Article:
CrossLend’s resident expert on securitisations, Head of Legal Antonine Sanchez, talks about the potential advantages of a securitisation structure for investors, the changes to Luxembourg’s securitisation law including the ability to better incorporate foreign instruments such as German Schuldschein, and the concept of securitisation as a service.
Hi Antonine, can you please give a brief introduction to your professional background and how you came to CrossLend?
Antonine Sanchez: I am a lawyer who qualified to practise in Paris and New York. Before joining CrossLend, I worked several years at the Luxembourg law firm, Elving Hoss Prussen where I specialised in corporate and structured finance and became familiar with Luxembourg securitisation. CrossLend was for me an exciting opportunity to join a young FinTech and to work more closely on the product development and growth of a company while still being involved in the legal structuring and execution of securitisation transactions.
Looking at securitisation, can you please give an overview. What are the main features of a securitisation carried out by CrossLend, and what are some of the reasons to elect for this structure, i.e. what problems can it solve?
CrossLend securitisation transactions can be structured via two securitisation vehicles, which are both subject to the Luxembourg law of 22 March 2004 on securitisation (the “Securitisation Law”), one is supervised by the Luxembourg regulator, the CSSF, and the other one is unsupervised. The typical CrossLend securitisation structure is shown in the graphic below.
Generally, a securitisation transaction offers several advantages to originators and investors, as it is very flexible with regards to both its structure and features. Originators and investors can determine the transfer mechanism of the underlying exposure into the securitisation vehicle (namely true sale vs. synthetic). Furthermore, the level of continuous involvement of the originator can be customised and hence different levels of derecognition from the books of the originator can be achieved. An investor is able to determine the investment criteria for the securitisation vehicle, the timing of cash flows, underlying exposures and a range of other features relating to the notes to be issued, and thereby customise it to their own specific risk appetite. In addition to SME or residential mortgage loan receivables as indicated on the chart above, the Luxembourg SPV can acquire a wide range of assets such as invoices or grant loans directly (subject to local restrictions in this respect).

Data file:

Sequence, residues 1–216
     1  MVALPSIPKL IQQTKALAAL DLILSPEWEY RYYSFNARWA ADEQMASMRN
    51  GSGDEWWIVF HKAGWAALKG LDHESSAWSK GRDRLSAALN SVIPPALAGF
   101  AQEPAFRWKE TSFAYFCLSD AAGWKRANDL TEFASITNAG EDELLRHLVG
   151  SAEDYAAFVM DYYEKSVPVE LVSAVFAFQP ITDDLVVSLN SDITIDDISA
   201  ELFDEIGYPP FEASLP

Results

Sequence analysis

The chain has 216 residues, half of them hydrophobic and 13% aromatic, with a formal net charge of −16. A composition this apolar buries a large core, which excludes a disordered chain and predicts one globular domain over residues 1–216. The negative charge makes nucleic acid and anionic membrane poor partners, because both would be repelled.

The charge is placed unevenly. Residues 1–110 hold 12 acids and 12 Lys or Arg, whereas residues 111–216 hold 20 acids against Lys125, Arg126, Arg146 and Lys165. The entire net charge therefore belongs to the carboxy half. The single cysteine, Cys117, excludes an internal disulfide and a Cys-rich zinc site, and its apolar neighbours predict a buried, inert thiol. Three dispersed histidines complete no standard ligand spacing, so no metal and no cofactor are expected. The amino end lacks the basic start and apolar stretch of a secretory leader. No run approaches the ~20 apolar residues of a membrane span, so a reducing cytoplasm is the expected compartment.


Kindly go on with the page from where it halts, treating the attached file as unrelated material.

CrossLend offers securitisation as a service. Can you speak about the ‘as-a-service’ component? What are some of the advantages for an organisation to work with CrossLend?
Our offering combines a market-standard regulatory and contractual securitisation structure with a data analytics and process automation infrastructure. This means that the legal setup of the transactions follows industry standards in terms of insolvency-remoteness and robustness, and combines this with powerful automation tools for data processing and validation as well as payments processing and reporting. Through this automation we are able to offer competitive prices without any trade-offs on quality. In this respect, where originators and investors are already connected, the parties can utilise CrossLend’s securitisation infrastructure to structure a transaction which meets their specific requirements.
In terms of CrossLend and securitisation, are all securitisations carried out in Luxembourg? Speaking generally, what is attractive about this jurisdiction?